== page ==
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A little over a month ago, a former D-Leaguer with a tireless work ethic, X-ray vision and Econ degree turned the collective sports world on its ear, creating a media frenzy that made Tebowmania seem like a passing fad.
Inserted into the starting lineup against crosstown rival New Jersey, the elevated benchwarmer seized the moment, totaling 25 points, five boards and seven assists running point for the New York Knicks.
Linsanity was born.
In the following days, sportswriters devoted more words to Jeremy Lin than Melville did Moby Dick. His rapid ascension was fresh, new and enrapturing, an inspirational underdog story indicative of the American dream.
With the NBA still buzzing about Lin, it's only appropriate his alma mater, Harvard, is following in the overnight sensation's footsteps.
Finally, the Winklevoss twins have something to be happy about.
The last time the Crimson went dancing, in 1946, the buck stopped at Harry S. Truman's desk in the Oval Office, a gallon of gas cost 21 cents and Ron Paul just entered puberty. After 66 years of futility, many would immediately write off Harvard, but don't expect it to roll over. This ban of future check-writers is bound and determined, as the Black Keys would say, to pocket the "Gold on the Ceiling."
The Crimson are downright dangerous. On paper, they are better than what fellow Ivy Leaguer Cornell was in 2010. Recall that season, the Big Red wrecking ball reached the Sweet 16 knocking out heavyweights Temple and Wisconsin with a high-powered offense. Harvard's motus operandi is a bit different, relying on defense and a Big Ten-like toughness, a culture, interestingly enough, Amaker failed to instill during his rocky tenure at Michigan. It ranks inside the top-30 nationally in several notable defensive categories, including adjusted defensive efficiency (No. 30), effective field-goal percentage (27), defensive rebounding percentage (15) and two-point percentage (20). Competitor buckets don't come easy.
On the opposite end, Harvard also impresses. Forward Kyle Casey and Keith Wright do an excellent job clogging the lane and converting on high-percentage opportunities. The duo shoots a combined 57.8-percent inside the arc. Meanwhile guards Oliver McNally and Luarent Rivard, though erratic at times, provide balance along the perimeter each netting a combined three threes per game. How well the pair executes might be the team's biggest key. And Brandyn Curry, a very efficient floor general, showcases a near 5:2 assist-to-turnover ratio while averaging 1.6 steals per game.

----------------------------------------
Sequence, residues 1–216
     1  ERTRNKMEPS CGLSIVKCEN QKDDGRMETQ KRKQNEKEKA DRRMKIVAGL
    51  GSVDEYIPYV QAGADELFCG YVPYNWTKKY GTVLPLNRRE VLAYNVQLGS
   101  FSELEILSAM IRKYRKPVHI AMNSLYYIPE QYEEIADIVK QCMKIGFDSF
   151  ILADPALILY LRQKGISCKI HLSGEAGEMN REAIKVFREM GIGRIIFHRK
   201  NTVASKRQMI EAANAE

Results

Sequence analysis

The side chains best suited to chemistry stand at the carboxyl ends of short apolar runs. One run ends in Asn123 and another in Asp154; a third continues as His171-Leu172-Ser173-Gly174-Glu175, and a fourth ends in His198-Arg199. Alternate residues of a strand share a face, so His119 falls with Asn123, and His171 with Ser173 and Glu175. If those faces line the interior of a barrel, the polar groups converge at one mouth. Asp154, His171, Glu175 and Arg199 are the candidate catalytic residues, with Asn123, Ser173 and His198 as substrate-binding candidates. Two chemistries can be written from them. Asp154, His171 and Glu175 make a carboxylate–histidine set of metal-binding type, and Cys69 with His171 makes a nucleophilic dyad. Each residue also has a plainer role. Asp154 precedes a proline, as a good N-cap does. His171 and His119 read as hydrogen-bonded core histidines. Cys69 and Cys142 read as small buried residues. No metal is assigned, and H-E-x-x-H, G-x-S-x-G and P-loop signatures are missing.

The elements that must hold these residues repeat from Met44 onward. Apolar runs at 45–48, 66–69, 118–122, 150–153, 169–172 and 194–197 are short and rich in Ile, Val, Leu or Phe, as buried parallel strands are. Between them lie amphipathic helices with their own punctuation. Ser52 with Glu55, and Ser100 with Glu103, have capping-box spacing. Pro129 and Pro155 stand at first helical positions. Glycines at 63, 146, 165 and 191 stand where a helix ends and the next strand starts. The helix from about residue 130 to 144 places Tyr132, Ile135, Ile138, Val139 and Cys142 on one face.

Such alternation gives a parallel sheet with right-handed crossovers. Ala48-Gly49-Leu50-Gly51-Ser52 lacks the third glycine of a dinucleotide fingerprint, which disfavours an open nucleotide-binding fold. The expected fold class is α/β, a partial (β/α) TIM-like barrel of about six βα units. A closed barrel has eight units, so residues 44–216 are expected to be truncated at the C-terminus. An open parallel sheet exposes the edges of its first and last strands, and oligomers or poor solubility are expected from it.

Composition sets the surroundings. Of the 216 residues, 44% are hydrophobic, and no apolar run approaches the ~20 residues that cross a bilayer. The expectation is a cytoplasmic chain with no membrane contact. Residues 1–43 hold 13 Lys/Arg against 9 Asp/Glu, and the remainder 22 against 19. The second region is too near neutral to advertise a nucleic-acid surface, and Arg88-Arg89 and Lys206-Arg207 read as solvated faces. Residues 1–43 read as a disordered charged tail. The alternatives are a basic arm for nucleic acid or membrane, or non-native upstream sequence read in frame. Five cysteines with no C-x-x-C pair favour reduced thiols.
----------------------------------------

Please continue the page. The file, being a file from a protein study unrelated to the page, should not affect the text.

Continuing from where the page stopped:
Overall, the Crimson's bread is buttered at the line. They play a methodical, calculated, possession-by-possession style Wisconsin's Bo Ryan could appreciate. Active and aggressive around the cup, they typically attract numerous whistles, taking advantage of those opportunities. As a team, HU shoots 75.0 percent from the charity stripe, the eighth-highest mark among tournament teams. In fact, nearly 24-percent of its points come at the line. Hack Harvard and you'll pay a harsh price.
Considering their senior leadership and success against top-level teams — the Crimson clipped Florida St. 46-41 in the Bahamas back in November — they are certainly built to surprise. Their draw wasn't the most favorable, matched against a searing Vanderbilt team fresh off its takedown of Kentucky in the SEC tourney final. But the Commodores have certainly been bitten by the upset bug before, falling victim to Cinderella in their past three tourney appearances. Vandy's proclivity for threes is an issue, but if Casey and Wright can pound the interior and force Festus Ezeli into foul trouble, Harvard's odds of pulling off the unthinkable are better than you think.
In a year where its most-famous alumnus, sorry Zuckerberg, rose from the depths of obscurity, Harvard, too, is in a prime position to shock the hoops world.
Expect the unexpected.
Here are five other snoozers that could make seismic waves:
MEMPHIS TIGERS — 26-8, 8-seed - West Region, 5-6 vs. RPI Top-50, 20 SOS
After wrapping their non-conference slate in late December, many questioned the Tigers' toughness. Close losses to Georgetown, Murray St. and Louisville diminished expectations. But, as usual, Memphis roared through conference play taking 13 of 16 games, seizing the regular season crown for the sixth time since 2004 while easily taking the conference tourney title. One of only seven teams to rank in the top 20 in offensive and defensive efficiency nationally, the Tigers are a harmonic, athletic bunch. Collectively, they aren't effective from three, relying instead on an attacking, slashing game to generate points. Will Barton, especially, is hard to handle, evidenced in his near 18-8-3 per game line. Over the past several weeks, Josh Pastner's group of super sophs has aged significantly. The heart-breaking Ls it experienced in December could turn into exhilarating Ws during the season's most important time. Unless Michigan St. or Missouri hires Siegfried and Roy, it's quite possible no team in the West region will be able to tame these Tigers. Undoubtedly, this is the most dangerous mid-seed in the entire field, capable of reaching the Final Four, similar to what Butler did as an 8-seed a year ago.